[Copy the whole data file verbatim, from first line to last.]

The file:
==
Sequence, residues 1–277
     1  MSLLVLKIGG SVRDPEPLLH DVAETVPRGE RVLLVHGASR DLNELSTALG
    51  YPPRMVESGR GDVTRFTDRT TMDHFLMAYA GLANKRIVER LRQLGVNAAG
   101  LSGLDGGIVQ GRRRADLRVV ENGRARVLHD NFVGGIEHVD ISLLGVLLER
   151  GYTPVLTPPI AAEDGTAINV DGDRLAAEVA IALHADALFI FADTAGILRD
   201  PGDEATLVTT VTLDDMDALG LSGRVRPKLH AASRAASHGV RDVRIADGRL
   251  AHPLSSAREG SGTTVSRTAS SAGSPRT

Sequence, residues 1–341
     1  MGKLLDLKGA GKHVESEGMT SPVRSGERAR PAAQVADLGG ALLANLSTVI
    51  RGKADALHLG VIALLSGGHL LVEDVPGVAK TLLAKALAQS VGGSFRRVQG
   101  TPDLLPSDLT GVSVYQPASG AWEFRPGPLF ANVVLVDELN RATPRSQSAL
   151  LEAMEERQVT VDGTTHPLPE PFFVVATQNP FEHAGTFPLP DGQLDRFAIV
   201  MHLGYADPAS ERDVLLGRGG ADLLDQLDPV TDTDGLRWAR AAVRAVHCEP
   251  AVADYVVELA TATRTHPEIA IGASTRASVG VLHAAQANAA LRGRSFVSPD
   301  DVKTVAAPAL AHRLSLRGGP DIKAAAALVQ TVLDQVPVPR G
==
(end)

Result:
Sequence, residues 1–277
     1  MSLLVLKIGG SVRDPEPLLH DVAETVPRGE RVLLVHGASR DLNELSTALG
    51  YPPRMVESGR GDVTRFTDRT TMDHFLMAYA GLANKRIVER LRQLGVNAAG
   101  LSGLDGGIVQ GRRRADLRVV ENGRARVLHD NFVGGIEHVD ISLLGVLLER
   151  GYTPVLTPPI AAEDGTAINV DGDRLAAEVA IALHADALFI FADTAGILRD
   201  PGDEATLVTT VTLDDMDALG LSGRVRPKLH AASRAASHGV RDVRIADGRL
   251  AHPLSSAREG SGTTVSRTAS SAGSPRT

Sequence, residues 1–341
     1  MGKLLDLKGA GKHVESEGMT SPVRSGERAR PAAQVADLGG ALLANLSTVI
    51  RGKADALHLG VIALLSGGHL LVEDVPGVAK TLLAKALAQS VGGSFRRVQG
   101  TPDLLPSDLT GVSVYQPASG AWEFRPGPLF ANVVLVDELN RATPRSQSAL
   151  LEAMEERQVT VDGTTHPLPE PFFVVATQNP FEHAGTFPLP DGQLDRFAIV
   201  MHLGYADPAS ERDVLLGRGG ADLLDQLDPV TDTDGLRWAR AAVRAVHCEP
   251  AVADYVVELA TATRTHPEIA IGASTRASVG VLHAAQANAA LRGRSFVSPD
   301  DVKTVAAPAL AHRLSLRGGP DIKAAAALVQ TVLDQVPVPR G